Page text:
Well said Naoura. While I have no right to claim I know what all it takes to make a game like Guns and keep it ticking, I definitely lost my way between the initial kickstarter hype for adventure mode and here. I carve out as much content as i possibly can from the current Alliance, but want for more.

And in that context, I really can't say if free-to-play for Online would really do much for the current status quo. I imagine with all the sales and the fact we've been here for years, just about anyone who would of found Guns pvp interesting would already own it. May net more then a sale in terms of a population buff, but it'll bleed out if the roots of the current issues aren't addressed. My 2 cents.

Also,
Definition of end times may differ person to person.  If you consider this population weve had for the last year a healthy active community, then it is not dead.  But if I start seeing the same people every single time I play the game, sorry to say that means no growth which means only a handlful are keeping it active. 
That's fair. Perhaps mine is a vain hope.

You know what's great for building a community? Stifling open conversation about why its dying.
Aye, and sarcasm and insult add such depth to forums.

Offline Red-Xiii

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Offline Sparkle Dust

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Re: My renewed argument for Free to play
« Reply #22 on: May 11, 2017, 07:37:04 pm »


You know what's great for building a community? Stifling open conversation about why its dying.
Aye, and sarcasm and insult add such depth to forums.

Yes actually, they do.  Conflict by its very nature is compelling, that's why stories all have problems and resolutions.  Discussion, as it was working on the first page of this thread, is oddly enough very good for discussion forums.  Human conversation isn't stagnant, I'm not sure why the moderation on this forum refuses to accept that.

Offline Neddie

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Re: My renewed argument for Free to play
« Reply #23 on: May 11, 2017, 07:41:10 pm »
Let us not forget that key resellers and gift trading are on the way out, with Valve's changes to gift handling. These secondary markets, which have diluted game value, are going to be cut off at the knees.

The problem is not acquisition, but retention. Retention and free to play acquisition strategies overlap, you release good content regularly and you ensure a critical core population, which can then grow. If we cannot retain people, the health of the community will not improve whether the game is priced at ten dollars, one dollar, or free. The only functional difference is that you remove the revenue per acquisition, in exchange for more people who churn. After that, less revenue means fewer resources to produce content.

For those of you who do not have experience with consumer products, conversion to in-game/service purchases is very low. All companies that rely upon in-game purchases spend a lot of marketing dollars attempting to acquire those few people who not only spend money in game, but spend an inordinate amount. It requires a huge human pool, and deep capital investment to be consistently profitable.

Offline Daft Loon

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Re: My renewed argument for Free to play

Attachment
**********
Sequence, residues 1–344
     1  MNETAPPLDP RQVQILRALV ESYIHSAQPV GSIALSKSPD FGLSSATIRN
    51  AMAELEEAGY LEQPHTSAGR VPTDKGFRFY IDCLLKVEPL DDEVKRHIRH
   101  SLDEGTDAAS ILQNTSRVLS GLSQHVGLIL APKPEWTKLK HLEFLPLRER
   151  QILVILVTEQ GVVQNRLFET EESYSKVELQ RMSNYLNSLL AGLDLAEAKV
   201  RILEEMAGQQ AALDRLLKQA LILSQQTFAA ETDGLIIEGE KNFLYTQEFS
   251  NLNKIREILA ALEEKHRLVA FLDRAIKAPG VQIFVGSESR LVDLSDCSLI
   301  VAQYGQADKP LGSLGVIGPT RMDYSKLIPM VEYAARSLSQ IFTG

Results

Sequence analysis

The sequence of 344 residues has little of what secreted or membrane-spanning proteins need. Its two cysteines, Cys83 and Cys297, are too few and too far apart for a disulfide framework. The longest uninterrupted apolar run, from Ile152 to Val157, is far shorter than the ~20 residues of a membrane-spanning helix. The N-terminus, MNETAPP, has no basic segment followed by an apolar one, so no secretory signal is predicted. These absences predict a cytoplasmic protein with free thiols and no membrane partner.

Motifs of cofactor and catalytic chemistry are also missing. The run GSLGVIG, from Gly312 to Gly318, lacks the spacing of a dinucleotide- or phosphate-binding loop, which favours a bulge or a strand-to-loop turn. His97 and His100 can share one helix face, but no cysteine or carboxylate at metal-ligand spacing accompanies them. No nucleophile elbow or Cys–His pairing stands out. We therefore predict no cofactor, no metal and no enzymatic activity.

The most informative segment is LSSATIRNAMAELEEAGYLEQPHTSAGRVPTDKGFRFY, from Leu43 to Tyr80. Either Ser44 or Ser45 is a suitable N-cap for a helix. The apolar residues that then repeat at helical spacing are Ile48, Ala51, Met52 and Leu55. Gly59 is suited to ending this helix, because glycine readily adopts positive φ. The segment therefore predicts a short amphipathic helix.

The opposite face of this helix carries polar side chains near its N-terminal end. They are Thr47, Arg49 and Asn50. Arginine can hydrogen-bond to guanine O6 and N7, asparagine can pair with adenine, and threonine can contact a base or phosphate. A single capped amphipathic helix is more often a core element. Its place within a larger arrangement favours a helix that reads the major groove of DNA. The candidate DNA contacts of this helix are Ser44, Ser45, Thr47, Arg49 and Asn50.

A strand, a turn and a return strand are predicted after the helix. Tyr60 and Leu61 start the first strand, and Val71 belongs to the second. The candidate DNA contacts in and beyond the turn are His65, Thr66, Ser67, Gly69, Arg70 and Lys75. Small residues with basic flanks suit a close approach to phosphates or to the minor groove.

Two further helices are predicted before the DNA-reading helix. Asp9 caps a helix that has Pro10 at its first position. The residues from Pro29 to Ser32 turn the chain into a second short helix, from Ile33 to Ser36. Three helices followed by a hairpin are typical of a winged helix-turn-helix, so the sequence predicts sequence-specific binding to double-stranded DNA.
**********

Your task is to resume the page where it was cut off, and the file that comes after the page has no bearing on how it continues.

« Reply #24 on: May 11, 2017, 08:11:40 pm »
Lets keep things civil and on topic guys.

Too much doom and gloom here...I remember days where the average pop was ~30. Call me an optimist, but I'd hate to see Guns die with final conversation like this. I'm not buying the "end times" talk.

I generally play in the "overnight" time slot and remember times when I thought the game might be near death because the entire population could be 8 players in 1 lobby, that's happening again but now half those players jump over to alliance to avoid the pains of trying to get an 8 person lobby actually running, and the other half leave making the PvP literally albeit temporarily dead at those times. I don't think its pessimistic to give the PvP a 50% chance at best of surviving the year if that continues. Because it needs minimum 1 person Alliance will last in some form as long as the servers are running but without some major improvements that won't be much of a population.

Offline Narayan

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Re: My renewed argument for Free to play
« Reply #25 on: May 12, 2017, 10:33:36 am »
I see a lot of you talk about retention and lack of content. I'll be the first to admit that this game isn't for everyone and we aren't going to retain everyone that's a fact.

I'll even go a step further to say a lot of people that do stay with the game will leave after they first play it and only when they come back will finally begin to start grasping some of the mechanics. Myself included in that group. It's a tough complicated and wierd game.

In my mind the reason why alliance feels stale after a few months from lack of content or incomplete in a lot of people's mind vs skirmish which could be played for years by the same players is this.

The content if guns of Icarus is the players you play with

PVE just can't replicate that magic that the pvp side creates.


That might seem a bit simple or obvious but so many of us stuck around for our clans or our friends. So much of the enjoyment is fightig and playing with your favorite crew, or battling and beating someone that irks you.


That's why I think free to play would be a success because it will add the most important content of all new players and new friends.


Offline Narayan

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Re: My renewed argument for Free to play
« Reply #26 on: May 12, 2017, 11:24:30 am »